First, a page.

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Archive for the ‘Miscellaneous’ Category

Matters Outstanding

Monday, July 30th, 2018

This weekend saw the return of Lunar Festival after a year off. Having worked the 2015 as The Commentators it was a pleasure to return not working but as the punters. Although cloud cover prevented us from seeing Friday night’s Blood Moon phenomena in the sky the Lunar stages presented plenty of alternative phenomena to gape at in awe.

Amadou and Mariam were a stirring joyful feelgood revelation to get lost in. They were set up by Basement Jaxx who got and kept a whole field of people jumping with their DJ set. In turn they were set up by zestful fun from The Go! Team

Saturday’s more overcast weather was adroitly mirrored by a darker musical programme that opened with Matters, my pick of the festival. Although I absolutely loved Amadou and Mariam ultimately they are a bit too cheerful and exotic to be my pin-ups, driving epic paranoia from Birmingham has to carry the day for me.

I looked after bags while lots of people went to hear Ed Miliband do whatever he does now. We caught Untied Artists blowing cobwebs from their Acorn Emporium children’s show before it arrives at mac in August. Barbara Nice was audible in the distance running a version of Blind Date. I caught what looked like a dad and two very young sons played a punk set and Ouse Valley Singles club playing a pugnacious skiffle set. We ate Persian food, didn’t feel the need for any of the ‘healing’ or craft activities on offer, slept past the 8am kids cinema showing on offer by Flatpack and sheltered from the rain. Blackash concluded their intense set with cheerleaders and a gorgeously back lit Goldfrapp wrapped Saturday-up with an rich and assured performance.

A triumphal return for Lunar, next up, in early September comes the Moseley Folk Festival for which The Commentators return.

BE judged

Monday, July 2nd, 2018

REVOLT ATHENS by Elli Papakonstantinou/ ODC Ensemble from Elli Papakonstantinou/ODC on Vimeo.

BE Festival starts tomorrow (Tuesday), so that makes it a year since I was on the judging panel. I don’t really agree with art prizes (perhaps because I’ve never won one) so it was a bit hypocritical to agree to be a judge on an art prize panel, but I’m emotionally beholden to BE and find it difficult to refuse them anything.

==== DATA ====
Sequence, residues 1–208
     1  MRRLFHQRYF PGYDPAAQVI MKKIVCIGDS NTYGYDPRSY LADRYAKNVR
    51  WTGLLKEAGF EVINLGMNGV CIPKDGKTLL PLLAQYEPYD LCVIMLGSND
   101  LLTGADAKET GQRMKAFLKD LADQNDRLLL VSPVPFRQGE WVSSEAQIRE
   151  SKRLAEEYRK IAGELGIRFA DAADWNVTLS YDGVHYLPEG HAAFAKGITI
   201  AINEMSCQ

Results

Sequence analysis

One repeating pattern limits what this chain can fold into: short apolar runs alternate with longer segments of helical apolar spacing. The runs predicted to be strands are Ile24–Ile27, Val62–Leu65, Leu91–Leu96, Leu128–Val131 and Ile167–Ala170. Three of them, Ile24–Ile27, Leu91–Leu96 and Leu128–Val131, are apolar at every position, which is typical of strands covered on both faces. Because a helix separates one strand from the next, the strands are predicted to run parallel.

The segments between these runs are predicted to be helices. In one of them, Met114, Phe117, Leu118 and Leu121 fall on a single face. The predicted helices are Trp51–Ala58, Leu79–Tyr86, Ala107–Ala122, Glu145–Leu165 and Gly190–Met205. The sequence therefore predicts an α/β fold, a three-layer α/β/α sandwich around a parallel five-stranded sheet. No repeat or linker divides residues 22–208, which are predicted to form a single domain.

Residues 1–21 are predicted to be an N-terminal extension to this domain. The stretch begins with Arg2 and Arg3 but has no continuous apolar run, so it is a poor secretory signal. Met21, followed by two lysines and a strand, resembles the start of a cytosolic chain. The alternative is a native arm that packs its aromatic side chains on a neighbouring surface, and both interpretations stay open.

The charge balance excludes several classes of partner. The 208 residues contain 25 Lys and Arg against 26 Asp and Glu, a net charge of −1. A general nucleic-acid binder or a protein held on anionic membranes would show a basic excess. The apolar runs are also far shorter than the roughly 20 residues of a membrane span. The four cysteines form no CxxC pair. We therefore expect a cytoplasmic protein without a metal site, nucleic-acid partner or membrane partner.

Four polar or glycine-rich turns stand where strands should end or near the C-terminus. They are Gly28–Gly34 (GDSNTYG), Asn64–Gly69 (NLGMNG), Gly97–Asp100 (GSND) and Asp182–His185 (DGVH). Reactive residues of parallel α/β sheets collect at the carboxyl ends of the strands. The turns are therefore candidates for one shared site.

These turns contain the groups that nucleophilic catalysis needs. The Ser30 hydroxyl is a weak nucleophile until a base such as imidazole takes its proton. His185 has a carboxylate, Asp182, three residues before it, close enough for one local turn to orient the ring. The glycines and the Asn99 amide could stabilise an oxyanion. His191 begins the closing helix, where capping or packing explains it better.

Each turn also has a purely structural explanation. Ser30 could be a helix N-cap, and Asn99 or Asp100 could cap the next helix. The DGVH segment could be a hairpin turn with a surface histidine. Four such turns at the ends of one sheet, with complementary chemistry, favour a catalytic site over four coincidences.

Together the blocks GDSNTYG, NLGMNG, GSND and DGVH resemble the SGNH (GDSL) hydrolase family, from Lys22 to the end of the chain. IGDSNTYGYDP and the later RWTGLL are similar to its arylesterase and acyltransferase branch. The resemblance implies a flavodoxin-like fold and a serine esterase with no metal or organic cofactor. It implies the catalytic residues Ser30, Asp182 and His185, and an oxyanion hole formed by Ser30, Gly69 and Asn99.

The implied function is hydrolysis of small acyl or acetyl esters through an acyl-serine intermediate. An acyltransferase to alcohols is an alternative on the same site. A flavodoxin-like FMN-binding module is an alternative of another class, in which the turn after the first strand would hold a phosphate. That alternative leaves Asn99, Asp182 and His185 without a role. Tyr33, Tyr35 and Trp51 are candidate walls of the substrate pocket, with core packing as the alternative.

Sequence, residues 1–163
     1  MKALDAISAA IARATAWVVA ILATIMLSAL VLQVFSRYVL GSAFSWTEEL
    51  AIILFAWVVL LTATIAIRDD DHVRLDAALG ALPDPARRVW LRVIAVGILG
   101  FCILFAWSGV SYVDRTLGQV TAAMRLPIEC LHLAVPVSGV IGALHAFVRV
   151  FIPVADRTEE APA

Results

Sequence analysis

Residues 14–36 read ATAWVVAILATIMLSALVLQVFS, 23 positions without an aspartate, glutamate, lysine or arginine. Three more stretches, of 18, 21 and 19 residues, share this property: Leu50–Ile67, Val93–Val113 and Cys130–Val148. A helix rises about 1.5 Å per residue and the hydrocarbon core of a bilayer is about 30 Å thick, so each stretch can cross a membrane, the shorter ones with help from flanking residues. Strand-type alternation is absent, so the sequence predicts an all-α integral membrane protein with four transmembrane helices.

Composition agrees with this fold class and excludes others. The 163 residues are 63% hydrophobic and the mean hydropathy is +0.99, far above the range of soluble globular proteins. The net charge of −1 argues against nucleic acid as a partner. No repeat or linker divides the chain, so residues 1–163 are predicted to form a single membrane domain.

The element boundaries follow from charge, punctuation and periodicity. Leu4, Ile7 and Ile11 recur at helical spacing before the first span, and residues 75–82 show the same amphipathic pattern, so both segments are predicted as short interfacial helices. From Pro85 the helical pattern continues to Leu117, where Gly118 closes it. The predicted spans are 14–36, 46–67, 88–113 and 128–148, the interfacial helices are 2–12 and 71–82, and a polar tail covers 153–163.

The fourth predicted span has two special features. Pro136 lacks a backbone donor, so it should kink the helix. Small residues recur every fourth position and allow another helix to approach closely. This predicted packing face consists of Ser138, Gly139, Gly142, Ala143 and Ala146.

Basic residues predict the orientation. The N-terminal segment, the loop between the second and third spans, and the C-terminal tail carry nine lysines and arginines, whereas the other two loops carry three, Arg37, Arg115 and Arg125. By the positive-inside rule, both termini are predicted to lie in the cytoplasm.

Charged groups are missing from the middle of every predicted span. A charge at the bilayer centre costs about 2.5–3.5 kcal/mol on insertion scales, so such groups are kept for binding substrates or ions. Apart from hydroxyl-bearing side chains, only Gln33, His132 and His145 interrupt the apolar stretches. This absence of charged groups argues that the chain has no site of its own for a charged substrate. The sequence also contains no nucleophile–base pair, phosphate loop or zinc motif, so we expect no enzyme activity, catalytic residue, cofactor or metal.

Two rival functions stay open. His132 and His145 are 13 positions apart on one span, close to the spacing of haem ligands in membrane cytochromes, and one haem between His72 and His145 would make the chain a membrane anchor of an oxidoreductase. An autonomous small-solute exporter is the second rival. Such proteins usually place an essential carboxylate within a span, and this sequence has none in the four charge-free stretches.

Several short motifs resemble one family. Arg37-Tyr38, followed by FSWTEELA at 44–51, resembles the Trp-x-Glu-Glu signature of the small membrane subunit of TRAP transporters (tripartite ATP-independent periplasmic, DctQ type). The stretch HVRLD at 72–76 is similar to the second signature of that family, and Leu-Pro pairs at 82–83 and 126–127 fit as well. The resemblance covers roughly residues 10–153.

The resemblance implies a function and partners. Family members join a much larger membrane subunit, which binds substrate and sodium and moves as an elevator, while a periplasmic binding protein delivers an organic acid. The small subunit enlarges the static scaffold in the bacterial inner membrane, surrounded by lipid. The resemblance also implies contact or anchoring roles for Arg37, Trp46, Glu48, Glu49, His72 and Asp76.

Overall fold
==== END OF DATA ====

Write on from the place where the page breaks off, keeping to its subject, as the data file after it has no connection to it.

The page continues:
In the end I had a great week. It was lovely to have an excuse to clear my diary see all the productions at BE – the first time I’ve done this. Being a judge meant complimentary food in the fabulous ‘on stage’ BE restaurant and the biggest treat was meeting the other judges and arguing and agreeing with them.
Naturally there were shows other judges loved for being profound, moving or clever that left me cold or disinterested. There was a show I loved but others felt lacking in some way and no argument I could make would persuade them otherwise. There was the show I expected to not like that I loved and acted as cheerleader for. There were shows we felt too slick, others too knowing.
Each day we met before the first performance to reflect on the previous day’s shows. A chance to tune into each others aesthetic, to gauge the field, to clarify our own thought by hearing the thoughts of others. Continue reading “BE judged” »

Kenesh Dramaturge

Friday, June 1st, 2018

Last Thursday I was holed up in the Stan’s Cafe kitchen with Keisha Grant, Artistic Director of Keneish Dance, looking at a video documenting an early draft of their new show Hi I’m…. For this piece Keisha is interested in including some narrative elements and thought it may be helpful to talk about this with someone who devises theatre shows. Continue reading “Kenesh Dramaturge” »

Book Royalties

Friday, April 20th, 2018

The publishers Bloomsbury have a series of tabs at the top of their website to steer visitors towards the category of book they are searching for: Fiction, Non-fiction, Academic, Children’s and Harry Potter. What an unbelievable cash cow that young wizard must be for everyone involved!

We’ve just received the first royalty cheque from our very own cash gerbil Devising Theatre With Stan’s Cafe. It may not have been a big cheque, but it was a good feeling to know the book is out there being bought and (hopefully) read.

Given that we are currently being undercut by our own publishers and assuming that for such books sales tail off rather than snowball, we have perhaps had the best of things financially; nevertheless we will continue to reap practical benefits as those eager students who regularly email us asking ‘how do you get your ideas?’ or ‘how do you devise your shows?’ can now be pointed to the book rather than having to be written more bespoke answers and pointed towards our magical Harry Potter Helpful Things tab.

Translanguaging

Sunday, January 28th, 2018